Use of a modified BAPRAS Delphi process for research priority setting in Plastic Surgery in the UK

James Henderson, Adam Reid, Abhilash Jain

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The British Association of Plastic, Reconstructive and Aesthetic Surgeons (BAPRAS) aims to raise understanding of the profession, and to promote innovation, education, and research. The latter is the remit of its Research Committee.
Plastic Surgery lags behind other surgical specialties in generating robust scientific evidence to answer many common clinical questions. This may reflect that individual innovation is a core skill for Plastic Surgeons, or the complexity of delivering large clinical studies in a small specialty. Both tracks now require institutional support, and funding within a competitive environment in which surgical research represents less than 5% of the U.K. research budget ( Funding bodies now prioritise research that addresses patients’ and clinicians’ priorities (e.g., in addition to being well designed and deliverable. Research prioritisation also allows professional bodies to best allocate finite research resources to optimise clinical impact. The BAPRAS research committee therefore sought to define these priorities, commencing in 2015.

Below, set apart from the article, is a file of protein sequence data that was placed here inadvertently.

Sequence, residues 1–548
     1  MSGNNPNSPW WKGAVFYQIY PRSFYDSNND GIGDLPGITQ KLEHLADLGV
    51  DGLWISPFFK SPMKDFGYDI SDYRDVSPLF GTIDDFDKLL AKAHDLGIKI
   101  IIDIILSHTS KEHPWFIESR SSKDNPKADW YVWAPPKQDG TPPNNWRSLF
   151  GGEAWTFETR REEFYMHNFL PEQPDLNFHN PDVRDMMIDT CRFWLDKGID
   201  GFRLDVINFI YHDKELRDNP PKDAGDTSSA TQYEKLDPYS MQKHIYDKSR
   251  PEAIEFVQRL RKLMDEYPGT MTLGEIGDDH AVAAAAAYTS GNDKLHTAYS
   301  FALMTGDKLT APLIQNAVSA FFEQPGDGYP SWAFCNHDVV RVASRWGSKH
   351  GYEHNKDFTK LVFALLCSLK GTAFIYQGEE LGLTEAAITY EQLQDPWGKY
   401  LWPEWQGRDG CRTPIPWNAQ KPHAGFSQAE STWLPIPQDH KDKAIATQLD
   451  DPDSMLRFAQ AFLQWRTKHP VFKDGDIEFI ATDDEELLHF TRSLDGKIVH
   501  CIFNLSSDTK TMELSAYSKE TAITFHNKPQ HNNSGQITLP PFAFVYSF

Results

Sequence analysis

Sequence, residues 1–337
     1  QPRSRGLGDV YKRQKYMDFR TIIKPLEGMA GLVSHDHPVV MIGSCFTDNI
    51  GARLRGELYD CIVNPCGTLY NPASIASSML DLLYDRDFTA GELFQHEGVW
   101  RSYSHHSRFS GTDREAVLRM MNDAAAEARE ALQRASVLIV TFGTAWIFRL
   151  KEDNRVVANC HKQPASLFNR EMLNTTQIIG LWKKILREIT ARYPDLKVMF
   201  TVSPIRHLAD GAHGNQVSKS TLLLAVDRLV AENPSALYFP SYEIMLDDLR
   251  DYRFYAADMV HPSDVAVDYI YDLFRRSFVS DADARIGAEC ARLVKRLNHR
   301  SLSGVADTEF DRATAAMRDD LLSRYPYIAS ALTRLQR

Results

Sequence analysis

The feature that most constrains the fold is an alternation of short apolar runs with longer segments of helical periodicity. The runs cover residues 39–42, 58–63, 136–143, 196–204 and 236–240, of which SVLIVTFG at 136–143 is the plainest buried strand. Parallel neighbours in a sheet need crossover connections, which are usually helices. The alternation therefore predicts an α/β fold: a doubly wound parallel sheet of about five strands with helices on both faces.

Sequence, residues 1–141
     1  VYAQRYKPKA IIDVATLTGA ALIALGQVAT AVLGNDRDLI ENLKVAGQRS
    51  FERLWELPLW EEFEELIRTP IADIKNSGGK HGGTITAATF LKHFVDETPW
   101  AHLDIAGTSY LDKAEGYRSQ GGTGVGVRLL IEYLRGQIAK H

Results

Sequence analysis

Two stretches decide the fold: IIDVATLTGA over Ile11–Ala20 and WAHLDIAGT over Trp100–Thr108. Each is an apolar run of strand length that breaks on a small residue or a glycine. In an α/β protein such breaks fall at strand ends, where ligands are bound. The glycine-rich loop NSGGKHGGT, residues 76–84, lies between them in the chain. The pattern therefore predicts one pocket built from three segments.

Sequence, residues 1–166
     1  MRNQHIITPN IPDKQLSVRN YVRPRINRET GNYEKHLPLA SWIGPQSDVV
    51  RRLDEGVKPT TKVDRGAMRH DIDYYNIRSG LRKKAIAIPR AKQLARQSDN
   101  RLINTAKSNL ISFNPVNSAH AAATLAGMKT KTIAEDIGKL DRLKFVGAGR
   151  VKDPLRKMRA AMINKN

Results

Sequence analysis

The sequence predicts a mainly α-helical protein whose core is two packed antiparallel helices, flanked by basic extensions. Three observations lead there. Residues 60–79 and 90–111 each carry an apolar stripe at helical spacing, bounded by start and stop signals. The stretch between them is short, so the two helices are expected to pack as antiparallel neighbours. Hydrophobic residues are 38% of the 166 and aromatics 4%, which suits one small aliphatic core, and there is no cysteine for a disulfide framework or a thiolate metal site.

A research priority setting exercise is critical for Plastic Surgery, in order for professional bodies such as BAPRAS to advise allocation of resources to ensure the greatest potential clinical impact. This has been performed successfully in other UK specialty organisations1 ( and worldwide.2
Original languageEnglish
Pages (from-to)1679-1681
Number of pages3
JournalJournal of plastic, reconstructive & aesthetic surgery : JPRAS
Issue number12
Publication statusPublished - Dec 2018


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